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Thursday, March 31, 2016

Book Review: "NFL Confidential: True Confessions from the Gutter of Football" by Johnny Anonymous

Johnny Anonymous is the pseudonym for a back-up offensive lineman living on the margins of the National Football League.  His writing will not make anyone forget the works of Jerry Kramer and Dave Meggysey, although it is surprising that few if any have attempted to write a book on what the grind in the NFL is like.  It's a hard-hitting, macho game, one where the code of "what goes on in the locker room, stays in the locker room" is held near and dear.  Even with the omnipresence of social media and the mainstream media. 

In sitting down to write this review, I had a lot of false starts.  One thought that kept coming to mind was something Truman Capote once wrote in a book review -- "This isn't writing, it's typing, and not very good typing at that."  Sadly, that thought continued to loop, because, quite frankly, while the book has some interesting moments, overall it is not very good.

There are some interesting points -- about racial divides, about the insensitivity of coaches, about playing in pain, but the main problem with the book is that the writer is just not likable.  He gives you nothing that makes you want to root for him.  And I'm not talking about the fact that he's not appreciative that he has unique talents that enable him to do something that many fans dream of.  Forget about that -- it's a harsh game that can have long-lasting consequences on a player's health.  No, it's just that Anonymous is a skeptic and smart ass at best and a cynic and jackass at worst. 

Oh, he seems to be a decent teammate, trying to use humor and sensitivity to bond with his fellow offensive linemen, whom he either bewilders or for whom he is a sense of amusing relief.  But his life is not all that interesting -- it's the NFL grind, an odd relationship with a significant other and no real interests off the field that make you want to care about what he does when he is in the locker room or on the field. 

Maybe that is the point of it all -- it's hard work, it's not that interesting, and there are risks to it.  Atop that, if you are not a star, you don't feel the sense of teamwork and comradery that the head coach, who basically is a name and about whom we learn almost nothing, must preach for the team to excel.  In a certain sense, Anonymous is a hamster on a wheel, trying to take breaks when he can, although cognizant that he doesn't own the wheel or the schedule as to who has to be on it when. 

If you read anything about the NFL, you'll read this.  If you glorify the NFL and think that being a player is a glamorous job and what are they all worried about, think again and read the book.  If you are looking for compelling insights about how a back-up lineman approaches his work and goes about his job and tries to fit in, skip this.  Because Anonymous doesn't develop those thoughts much if at all.  Atop that, he is ambivalent about whether he wants to continue as a player.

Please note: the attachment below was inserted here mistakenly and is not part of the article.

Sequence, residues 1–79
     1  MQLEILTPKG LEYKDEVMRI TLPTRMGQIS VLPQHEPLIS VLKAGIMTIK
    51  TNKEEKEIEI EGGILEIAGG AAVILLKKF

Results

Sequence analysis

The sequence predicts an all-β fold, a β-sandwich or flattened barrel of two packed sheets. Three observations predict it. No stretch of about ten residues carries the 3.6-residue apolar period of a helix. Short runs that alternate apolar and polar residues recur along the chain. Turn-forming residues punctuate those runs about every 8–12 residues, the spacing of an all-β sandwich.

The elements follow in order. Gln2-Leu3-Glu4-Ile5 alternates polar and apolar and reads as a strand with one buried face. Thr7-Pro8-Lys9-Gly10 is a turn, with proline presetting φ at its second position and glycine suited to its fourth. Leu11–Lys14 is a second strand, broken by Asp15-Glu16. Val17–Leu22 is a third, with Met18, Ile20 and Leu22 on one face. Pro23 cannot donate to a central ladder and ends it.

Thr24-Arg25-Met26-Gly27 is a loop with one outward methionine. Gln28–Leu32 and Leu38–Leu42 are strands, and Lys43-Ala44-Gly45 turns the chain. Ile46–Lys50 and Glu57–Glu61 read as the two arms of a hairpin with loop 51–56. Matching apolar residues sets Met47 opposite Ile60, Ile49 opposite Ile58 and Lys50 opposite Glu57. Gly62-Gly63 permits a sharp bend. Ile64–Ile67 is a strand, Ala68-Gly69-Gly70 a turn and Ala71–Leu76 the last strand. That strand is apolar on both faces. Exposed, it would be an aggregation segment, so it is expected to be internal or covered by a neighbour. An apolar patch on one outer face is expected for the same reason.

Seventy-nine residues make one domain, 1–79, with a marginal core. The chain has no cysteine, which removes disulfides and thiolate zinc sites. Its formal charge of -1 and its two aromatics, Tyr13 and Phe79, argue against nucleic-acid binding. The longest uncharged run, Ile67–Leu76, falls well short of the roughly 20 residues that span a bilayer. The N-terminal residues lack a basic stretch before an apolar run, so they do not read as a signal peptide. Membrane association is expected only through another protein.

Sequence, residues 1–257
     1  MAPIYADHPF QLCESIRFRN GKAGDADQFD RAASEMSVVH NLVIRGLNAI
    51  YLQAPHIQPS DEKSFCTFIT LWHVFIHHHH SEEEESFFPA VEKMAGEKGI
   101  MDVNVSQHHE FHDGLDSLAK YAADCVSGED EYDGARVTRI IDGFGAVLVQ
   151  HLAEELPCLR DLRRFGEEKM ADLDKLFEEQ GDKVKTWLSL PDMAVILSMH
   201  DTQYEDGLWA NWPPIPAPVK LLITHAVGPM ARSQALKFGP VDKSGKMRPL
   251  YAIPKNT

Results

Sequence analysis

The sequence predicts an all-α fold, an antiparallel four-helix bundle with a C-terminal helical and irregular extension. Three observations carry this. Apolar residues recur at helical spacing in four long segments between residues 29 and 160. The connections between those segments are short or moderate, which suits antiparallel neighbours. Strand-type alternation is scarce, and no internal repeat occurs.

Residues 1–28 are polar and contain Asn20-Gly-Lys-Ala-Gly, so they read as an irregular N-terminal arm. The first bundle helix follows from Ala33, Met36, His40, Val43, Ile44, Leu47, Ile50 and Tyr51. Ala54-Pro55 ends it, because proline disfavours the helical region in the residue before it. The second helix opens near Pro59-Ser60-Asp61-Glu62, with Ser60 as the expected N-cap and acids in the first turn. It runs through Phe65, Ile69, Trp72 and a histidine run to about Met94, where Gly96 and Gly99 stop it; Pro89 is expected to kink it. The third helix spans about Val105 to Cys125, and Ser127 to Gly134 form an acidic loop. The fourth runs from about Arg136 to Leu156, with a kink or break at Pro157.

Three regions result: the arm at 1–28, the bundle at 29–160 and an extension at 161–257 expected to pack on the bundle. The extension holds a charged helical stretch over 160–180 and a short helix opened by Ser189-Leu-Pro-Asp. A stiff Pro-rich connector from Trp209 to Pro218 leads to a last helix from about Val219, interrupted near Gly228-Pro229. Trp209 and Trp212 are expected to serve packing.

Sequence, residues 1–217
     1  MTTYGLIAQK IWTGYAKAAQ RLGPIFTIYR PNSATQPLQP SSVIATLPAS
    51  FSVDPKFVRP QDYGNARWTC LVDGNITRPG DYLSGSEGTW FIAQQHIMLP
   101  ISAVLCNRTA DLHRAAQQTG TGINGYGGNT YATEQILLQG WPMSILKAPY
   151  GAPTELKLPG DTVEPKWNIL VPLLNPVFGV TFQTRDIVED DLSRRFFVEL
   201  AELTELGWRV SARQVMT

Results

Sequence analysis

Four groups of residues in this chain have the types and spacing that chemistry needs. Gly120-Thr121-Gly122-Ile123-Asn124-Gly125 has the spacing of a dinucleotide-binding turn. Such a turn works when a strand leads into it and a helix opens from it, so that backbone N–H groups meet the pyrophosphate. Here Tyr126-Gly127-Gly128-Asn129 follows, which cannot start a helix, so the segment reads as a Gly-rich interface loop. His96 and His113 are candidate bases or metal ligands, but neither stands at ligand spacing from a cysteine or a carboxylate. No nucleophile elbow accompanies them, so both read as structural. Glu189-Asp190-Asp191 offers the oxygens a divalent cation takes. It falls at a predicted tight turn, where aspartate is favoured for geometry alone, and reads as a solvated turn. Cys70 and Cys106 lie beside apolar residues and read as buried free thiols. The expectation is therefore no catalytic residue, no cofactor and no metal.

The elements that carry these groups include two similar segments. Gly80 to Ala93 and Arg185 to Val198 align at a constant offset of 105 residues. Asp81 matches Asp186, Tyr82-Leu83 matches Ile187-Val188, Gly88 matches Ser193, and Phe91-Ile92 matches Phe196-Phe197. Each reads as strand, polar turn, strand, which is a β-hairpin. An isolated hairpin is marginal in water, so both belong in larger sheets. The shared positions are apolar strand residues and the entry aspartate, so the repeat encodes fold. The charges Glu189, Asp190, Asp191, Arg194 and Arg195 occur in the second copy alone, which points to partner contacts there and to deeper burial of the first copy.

But it's not an internal debate about whether to continue because he is having the same thoughts as former 49ers linebacker Chris Borland, who wanted to walk away from the game before he started limping away from it.  Yes, long-term health concerns figure into this, but Anonymous just doesn't know whether he has the passion for the game the way some other teammates do.  His problem, in a nutshell, is that he has other possibilities and talents.  Those with no back-up plan and no other talents where they can command as much money are less ambivalent.  As with any vocation, those who show more interest and commitment tend to do better.

In the end, you don't know what to figure about Anonymous.  Many questions abound.  Do you dislike the fact that the book is written anonymous?  Do you like him because he is ambivalent or dislike him because he is not as transparent as he is trying to be?  Did you learn anything more about the workings of an NFL team than you had read before?  Do you dislike him because he is a sarcastic guy who has trouble following along? 

A worthy read?  Not really.  Why did I read it?  Because I hoped it would be the next in a line of "inside" books that shared depth of thought about what goes on within an NFL team.  While there is some good stuff in the book, there just isn't enough to cause me to recommend it.


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